Amadeus Aba or Amade Aba (Hungarian: Aba Amadé; ? – 5 September 1311) was a Hungarian oligarch in the Kingdom of Hungary who ruled de facto independently the northern and north-eastern counties of the kingdom (today parts of Hungary, Slovakia and Ukraine). He held the office of Palatine (nádor) several times (1288–1289, 1290–1291, 1293, 1295–1296, 1297–1298, 1299–1301, 1302–1310), and he was also judge royal (országbíró) twice (1283, 1289). He was assassinated at the south gate in the city of Kassa by Saxon burghers.
Amadeus Aba was born in Kassa, today Košice, Slovakia, as the son of David, a member of the genus (clan) Aba and a powerful Hungarian oligarch. He fought in the Battle of Marchfeld in the troops King Ladislaus IV of Hungary sent to King Rudolph I of Germany against King Ottokar II of Bohemia (26 August 1278). In 1280, Aba became the head of Hermannstadt (today Sibiu in Romania), i.e., the royal officer appointed to administer the Transylvanian Saxons. King Ladislaus IV appointed him to the office of judge royal in 1283. In February 1285, he fought successfully against the Mongols who were pillaging the north-eastern parts of the kingdom. He received land and special privileges in Poland from Wladyslaw Lokietek King of Poland, and was referred to as Amadej in Polish.
The powerful magnate
After 9 August 1288, Amadeus Aba became Palatine and he hold the office for the first time until 1289 when he received the office of judge royal again. Later, he rebelled against the king whose troops occupied one of his castles, Tokaj (before 27 May 1290). Following the king's death (10 July 1290), Aba became the loyal supporter of King Andrew III of Hungary who appointed him Palatine. Although the king appointed a new Palatine already in 1291, he still continued to use the title until his death, and later he was confirmed in the office several times by the kings. After 1297, Aba was among the most powerful supporters of King Andrew III and he even made a formal alliance with the king and his other followers in the second half of 1298.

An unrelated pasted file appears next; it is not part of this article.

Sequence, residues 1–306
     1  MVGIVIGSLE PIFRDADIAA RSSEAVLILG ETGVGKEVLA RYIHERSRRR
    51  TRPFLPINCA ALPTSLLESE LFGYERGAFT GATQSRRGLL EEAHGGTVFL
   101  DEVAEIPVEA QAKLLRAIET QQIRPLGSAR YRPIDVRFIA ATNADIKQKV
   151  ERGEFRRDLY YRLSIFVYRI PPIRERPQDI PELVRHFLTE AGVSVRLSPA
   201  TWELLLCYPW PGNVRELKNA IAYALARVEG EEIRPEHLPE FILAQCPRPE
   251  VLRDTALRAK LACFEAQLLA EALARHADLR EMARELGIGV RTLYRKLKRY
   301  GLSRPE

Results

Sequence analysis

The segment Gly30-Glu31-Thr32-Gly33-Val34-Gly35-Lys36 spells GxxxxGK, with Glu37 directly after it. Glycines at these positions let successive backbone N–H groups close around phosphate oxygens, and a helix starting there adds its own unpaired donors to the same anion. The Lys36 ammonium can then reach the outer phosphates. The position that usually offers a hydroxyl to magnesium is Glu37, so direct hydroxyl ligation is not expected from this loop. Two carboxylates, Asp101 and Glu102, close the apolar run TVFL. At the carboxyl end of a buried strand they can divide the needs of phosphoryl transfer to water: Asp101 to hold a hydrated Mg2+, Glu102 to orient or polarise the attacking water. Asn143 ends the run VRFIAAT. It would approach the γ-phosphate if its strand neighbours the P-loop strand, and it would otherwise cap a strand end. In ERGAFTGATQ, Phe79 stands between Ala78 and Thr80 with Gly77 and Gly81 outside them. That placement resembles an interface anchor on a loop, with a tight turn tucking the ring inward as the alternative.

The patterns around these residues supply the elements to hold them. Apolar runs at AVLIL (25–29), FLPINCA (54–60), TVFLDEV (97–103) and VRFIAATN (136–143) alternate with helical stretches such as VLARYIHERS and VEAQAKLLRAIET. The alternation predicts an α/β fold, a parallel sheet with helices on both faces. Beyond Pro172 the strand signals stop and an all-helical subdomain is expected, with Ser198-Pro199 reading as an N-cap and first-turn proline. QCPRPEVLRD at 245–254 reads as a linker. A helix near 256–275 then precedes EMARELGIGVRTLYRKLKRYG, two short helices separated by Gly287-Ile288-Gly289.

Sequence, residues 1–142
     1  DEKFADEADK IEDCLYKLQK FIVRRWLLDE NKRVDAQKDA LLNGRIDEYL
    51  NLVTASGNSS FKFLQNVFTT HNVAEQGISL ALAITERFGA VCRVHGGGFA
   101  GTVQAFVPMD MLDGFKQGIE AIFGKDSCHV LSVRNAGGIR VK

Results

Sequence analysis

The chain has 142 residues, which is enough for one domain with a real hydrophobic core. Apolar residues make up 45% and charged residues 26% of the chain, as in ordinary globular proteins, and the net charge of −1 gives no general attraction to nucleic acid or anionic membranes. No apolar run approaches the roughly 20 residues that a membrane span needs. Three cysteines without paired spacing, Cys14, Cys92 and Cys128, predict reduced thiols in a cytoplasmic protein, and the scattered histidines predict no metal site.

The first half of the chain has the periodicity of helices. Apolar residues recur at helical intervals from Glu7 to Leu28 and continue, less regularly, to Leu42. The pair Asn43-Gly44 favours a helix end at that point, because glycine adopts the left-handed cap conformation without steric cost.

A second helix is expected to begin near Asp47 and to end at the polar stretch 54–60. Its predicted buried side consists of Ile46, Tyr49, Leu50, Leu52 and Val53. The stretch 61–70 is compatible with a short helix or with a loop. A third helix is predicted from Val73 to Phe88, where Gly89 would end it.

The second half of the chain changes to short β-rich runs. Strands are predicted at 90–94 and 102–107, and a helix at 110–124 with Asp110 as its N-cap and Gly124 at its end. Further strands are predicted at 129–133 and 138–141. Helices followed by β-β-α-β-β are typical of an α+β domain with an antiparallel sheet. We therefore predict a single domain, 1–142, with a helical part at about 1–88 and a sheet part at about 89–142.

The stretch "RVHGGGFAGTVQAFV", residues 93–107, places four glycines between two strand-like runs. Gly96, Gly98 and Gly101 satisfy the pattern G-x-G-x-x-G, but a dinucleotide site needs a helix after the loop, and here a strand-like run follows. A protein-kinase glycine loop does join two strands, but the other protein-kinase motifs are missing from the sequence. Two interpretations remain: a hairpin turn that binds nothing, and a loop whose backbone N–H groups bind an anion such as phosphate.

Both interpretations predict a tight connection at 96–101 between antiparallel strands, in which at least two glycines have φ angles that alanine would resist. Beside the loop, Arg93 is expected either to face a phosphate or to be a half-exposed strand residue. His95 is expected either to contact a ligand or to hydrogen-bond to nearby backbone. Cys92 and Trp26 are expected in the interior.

When King Andrew III died (14 January 1301), some of the powerful aristocrats (Aba was among them) became the supporters of Wenceslaus, the crown prince of Bohemia, while others supported the claim of Charles, a member of the Angevin dynasty. However, Wenceslaus left the kingdom (August 1304), and shortly afterwards, Aba concluded an agreement with Charles and Duke Rudolph III of Austria against Wenceslaus' father, King Wenceslaus II of Bohemia. In 1304 and 1305, he gave military assistance to Duke Władysław of Cuiavia against King Wenceslaus II who had occupied Lesser Poland.
Amadeus Aba was present at the Assembly of Rákos (10 October 1307) where the participants confirmed Charles' claim for the throne. Charles was proclaimed king at the Assembly in Pest (27 November 1308), in the presence of Aba. In 1308, he became the head (ispán) of Szepes. He was present when King Charles was crowned in Buda (15 June 1309). Afterwards, he mediated between the king and Ladislaus Kán, the powerful Voivod of Transylvania who made a promise that he would transfer the Holy Crown of Hungary to the king.
King Charles deprived him of his offices around May 1310. In the course of the year, Amadeus occupied several castles. He wanted to expand his influence over Kassa, but the citizens rebelled against him and they killed Amadeus in a skirmish.
Amadeus and his brother, Finta inherited Nevicke (today Nyevickoje, Ukraine) from their father, where Amadeus had a castle built. They may also have inherited Szokoly (today Sokol' in Slovakia). His dominion developed gradually in the course of the last decades of the 13th century. In 1288, King Ladislaus IV granted him the County Ung, thus he could hold the former royal possessions in the county until his death. Around 1300, he acquired Boldogkő Castle and Gönc, later he also held Regéc. In 1310, he occupied Lubló (today Stará Ľubovňa in Slovakia) and Munkács (today Mukachevo in Ukraine).
He usurped royal prerogatives in his dominion, e.g., he granted lands and nobility to his followers. He governed his possessions from his North-Eastern Hungarian castle in Gönc.
Following his death, his sons could not maintain his power, and after their defeat at the Battle of Rozgony (today Rozhanovce in Slovakia) his dominion disintegrated. Some of his castles and possessions were obtained by members of the Drugeth family in the 1320s-1340s.
- Markó, László: A magyar állam főméltóságai Szent Istvántól napjainkig - Életrajzi Lexikon (The High Officers of the Hungarian State from Saint Stephen to the Present Days - A Biographical Encyclopedia); Magyar Könyvklub, 2000, Budapest; ISBN 963-547-085-1.
- Engel, Pál: Magyarország világi archontológiája (1301–1457) (The Temporal Archontology of Hungary (1301–1457)); História - MTA Történettudományi Intézete, 1996, Budapest; ISBN 963-8312-43-2.
- Archives of Archbishopric of Eger